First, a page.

• other causes related to design, construction, and safety management i.e. design inadequacy, design errors, inadequacy of operational procedures, equipment or process modifications, inadequate work permit system, inadequate maintenance, etc.


Hazard source identification is a crucial step in the analysis. The safety report should outline the principles and procedures followed to determine the hazard sources. Whatever system is adopted for hazard identification, accident databases should be consulted and lessons learnt from past incidents incorporated. Hazard sources which have already resulted in an accident should be considered credible where the processes and conditions are analogous.


Identification of hazard sources is best carried out by a team whose members have a range of skills, technical/professional knowledge gained from safety inspections, from the operation of establishments/installations of this or comparable types and insights gained from modeling techniques (see also Annex B).

Operational Hazard Sources


Depending on the extent of the consequences of the potential major hazards, the sources of hazard may be determined by simple means such as checklists, or by more complex methods such as HAZOP, FMEA, etc. Reference to different methods can be found in Annex D.3.


Where checklists are used they should not be regarded as exhaustive. As a minimum, checklists, should consider the following aspects:

  1. physical and chemical process parameters limits;

  2. hazards during specific operation modes (i.e. start up / shut down);
  3. failure of containment;
  4. malfunctions and technical failures of equipment and systems;
  5. knock-on effects from other equipment;
  6. faults of utilities supply;
  7. human factors involving operation, testing and maintenance;
  8. chemical compatibility and contamination;
  9. the build-up of electrostatic charge and other ignition sources.


The above factors should be investigated with respect to the part they could play in possible accidents i.e. toxic gas releases, explosions, releases of flammable substances with or without ignition, major fires, runaway reactions and hazardous releases to the environment. The relevant contents of the Safety Report and reference to the most commonly used hazard identification methods for use with exothermic or runaway reactions can be found in Annex B, whereas reference to techniques for evaluating accident developments (i.e. cause-consequence diagrams, event trees - fault trees techniques etc.) can be found in Annex D.5.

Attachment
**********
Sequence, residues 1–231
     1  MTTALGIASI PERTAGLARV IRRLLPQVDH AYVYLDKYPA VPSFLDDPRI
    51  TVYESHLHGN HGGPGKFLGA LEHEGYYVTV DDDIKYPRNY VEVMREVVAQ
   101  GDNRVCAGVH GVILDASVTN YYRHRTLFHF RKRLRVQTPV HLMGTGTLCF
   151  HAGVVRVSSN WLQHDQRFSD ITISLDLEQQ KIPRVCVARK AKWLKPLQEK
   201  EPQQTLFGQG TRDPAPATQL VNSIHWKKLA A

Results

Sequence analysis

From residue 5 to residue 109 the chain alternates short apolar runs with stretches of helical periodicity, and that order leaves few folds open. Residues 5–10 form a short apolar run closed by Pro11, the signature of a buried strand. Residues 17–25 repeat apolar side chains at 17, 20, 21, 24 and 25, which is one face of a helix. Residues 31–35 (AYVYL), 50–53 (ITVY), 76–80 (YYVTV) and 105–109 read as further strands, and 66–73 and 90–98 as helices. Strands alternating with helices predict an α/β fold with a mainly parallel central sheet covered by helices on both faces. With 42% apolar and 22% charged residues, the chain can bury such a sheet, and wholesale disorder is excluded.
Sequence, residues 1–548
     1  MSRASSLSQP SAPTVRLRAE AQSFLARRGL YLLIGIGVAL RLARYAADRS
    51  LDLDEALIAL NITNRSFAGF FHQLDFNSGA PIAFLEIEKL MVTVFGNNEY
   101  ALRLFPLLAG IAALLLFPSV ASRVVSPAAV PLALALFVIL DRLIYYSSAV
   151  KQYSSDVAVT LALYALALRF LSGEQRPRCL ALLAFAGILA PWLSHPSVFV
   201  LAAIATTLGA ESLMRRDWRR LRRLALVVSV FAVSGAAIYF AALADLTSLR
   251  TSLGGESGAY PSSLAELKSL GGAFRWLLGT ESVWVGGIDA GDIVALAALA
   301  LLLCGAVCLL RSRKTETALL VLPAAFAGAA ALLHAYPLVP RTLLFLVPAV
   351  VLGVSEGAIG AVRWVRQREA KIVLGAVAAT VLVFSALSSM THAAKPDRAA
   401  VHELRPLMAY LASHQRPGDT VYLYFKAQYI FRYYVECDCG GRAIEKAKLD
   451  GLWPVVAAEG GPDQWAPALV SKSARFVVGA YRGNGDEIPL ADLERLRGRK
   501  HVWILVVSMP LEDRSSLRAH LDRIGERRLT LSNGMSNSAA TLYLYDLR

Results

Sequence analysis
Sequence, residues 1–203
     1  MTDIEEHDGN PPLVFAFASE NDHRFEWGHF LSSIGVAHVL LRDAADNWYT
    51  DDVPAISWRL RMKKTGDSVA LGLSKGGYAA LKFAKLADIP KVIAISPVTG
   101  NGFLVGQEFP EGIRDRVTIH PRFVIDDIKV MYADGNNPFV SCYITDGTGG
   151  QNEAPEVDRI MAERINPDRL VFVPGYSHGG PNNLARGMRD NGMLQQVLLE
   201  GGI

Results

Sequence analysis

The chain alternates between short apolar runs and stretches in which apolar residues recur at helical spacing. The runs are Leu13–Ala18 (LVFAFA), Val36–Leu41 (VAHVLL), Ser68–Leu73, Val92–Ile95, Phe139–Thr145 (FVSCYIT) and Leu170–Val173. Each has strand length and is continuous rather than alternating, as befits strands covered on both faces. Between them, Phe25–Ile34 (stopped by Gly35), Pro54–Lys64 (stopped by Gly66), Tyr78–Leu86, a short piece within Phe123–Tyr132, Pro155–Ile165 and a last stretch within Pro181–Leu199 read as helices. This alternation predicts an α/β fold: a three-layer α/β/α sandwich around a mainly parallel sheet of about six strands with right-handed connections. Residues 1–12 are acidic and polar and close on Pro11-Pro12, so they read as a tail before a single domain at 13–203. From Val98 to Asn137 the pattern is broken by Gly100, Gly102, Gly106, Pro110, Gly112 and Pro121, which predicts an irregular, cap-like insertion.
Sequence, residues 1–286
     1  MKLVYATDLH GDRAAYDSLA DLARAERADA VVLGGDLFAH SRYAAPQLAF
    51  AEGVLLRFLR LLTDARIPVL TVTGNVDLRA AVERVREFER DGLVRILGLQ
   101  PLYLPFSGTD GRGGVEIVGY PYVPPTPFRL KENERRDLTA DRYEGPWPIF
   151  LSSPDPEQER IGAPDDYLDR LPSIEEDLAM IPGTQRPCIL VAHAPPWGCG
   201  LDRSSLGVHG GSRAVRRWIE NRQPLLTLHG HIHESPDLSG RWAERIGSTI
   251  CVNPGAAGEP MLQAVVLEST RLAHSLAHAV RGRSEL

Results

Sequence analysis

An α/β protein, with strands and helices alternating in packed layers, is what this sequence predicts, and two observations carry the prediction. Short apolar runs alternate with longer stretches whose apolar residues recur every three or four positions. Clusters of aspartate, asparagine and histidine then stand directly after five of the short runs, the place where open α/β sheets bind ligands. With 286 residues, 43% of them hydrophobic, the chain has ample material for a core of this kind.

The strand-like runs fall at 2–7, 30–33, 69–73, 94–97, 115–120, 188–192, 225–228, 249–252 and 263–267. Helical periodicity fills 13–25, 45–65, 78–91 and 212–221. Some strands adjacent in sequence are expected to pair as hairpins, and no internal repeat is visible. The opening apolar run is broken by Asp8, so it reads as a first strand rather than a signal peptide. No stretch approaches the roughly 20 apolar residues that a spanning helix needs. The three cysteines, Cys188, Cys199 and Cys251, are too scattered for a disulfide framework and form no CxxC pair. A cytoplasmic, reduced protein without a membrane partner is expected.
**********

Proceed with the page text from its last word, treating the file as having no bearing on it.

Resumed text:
The choice of the hazard identification techniques used should be explained in the safety report and the assumptions clearly discussed.

External Hazard Sources


External activities or events are an important source of hazard. The safety report should identify those sources relevant to the site and discuss their possible impact. Again, historical data will provide a useful indication of the likelihood and impact of such events. Where required by the competent authority the concern of accidents arising from "domino" effects should be considered in the report. A list of possible external hazard sources, relevant studies and analysis methods can be found in Annex C.

Plant security


The consequences arising from unauthorized actions at the site should be considered.

Other sources related to design, construction and safety management


Other hazard sources are related to the management of whole life cycle of the establishment and its plants (i.e. design, construction, installation, commissioning, decommissioning, equipment or process modifications, work permit system, maintenance, etc.). The safety report should discuss the measures taken to control such hazards (see also Section 3). Alternatively the safety report should refer to other document describing the Major Accident Prevention Policy and the Safety Management System.

Go Sub Index Consequence assessment


Assessment of accident consequences to people and environment is essential in several steps of analysis, and the safety report should summarize and document the conclusions of such analysis:

  1. Consequence assessment constitutes an indispensable part in the systematic hazard analysis to help establish technical/organizational safeguards to prevent major acci-dent ha-zards and to mitiga-te the conse-quences of accidents. Such assessment can be based on judgment, qualitative or simplified models, unless accurate quantification is required;

  2. Consequence assessment describes the outcomes of selected accident scenarios to provide information for general major accident hazard control, emergency planning (internal and external) and for land use planning around establishments. Such assessment should then be based on appropriate quantitative models.

There exist a number of different means to accomplish such a task consistently. Relevant information on these matters can be found in the literature (Annex D.5) with insights also into environmental parameters (fauna, flora, air, soil, surface and ground water) and available impact analysis methods (Annex D.6).


All the assumptions made and references to computer codes and experimental results used for the assessment should be adequately explained and documented in the safety report.

Go Sub Index Step C - Prevention, Control and Mitigation measures


Hazards should be possibly avoided or reduced at source through the application of inherently safe practices. When risk remain, then risk principles such as ALARA (As Low As Reasonably Achievable) can be used in determining the level of measures required. The measures should:

  1. prevent a malfunction from arising in the establishment;

  2. prevent the occurrence of abnormal operation which could lead to a major accident;
  3. mitigate the effects of major accidents on persons or the environment.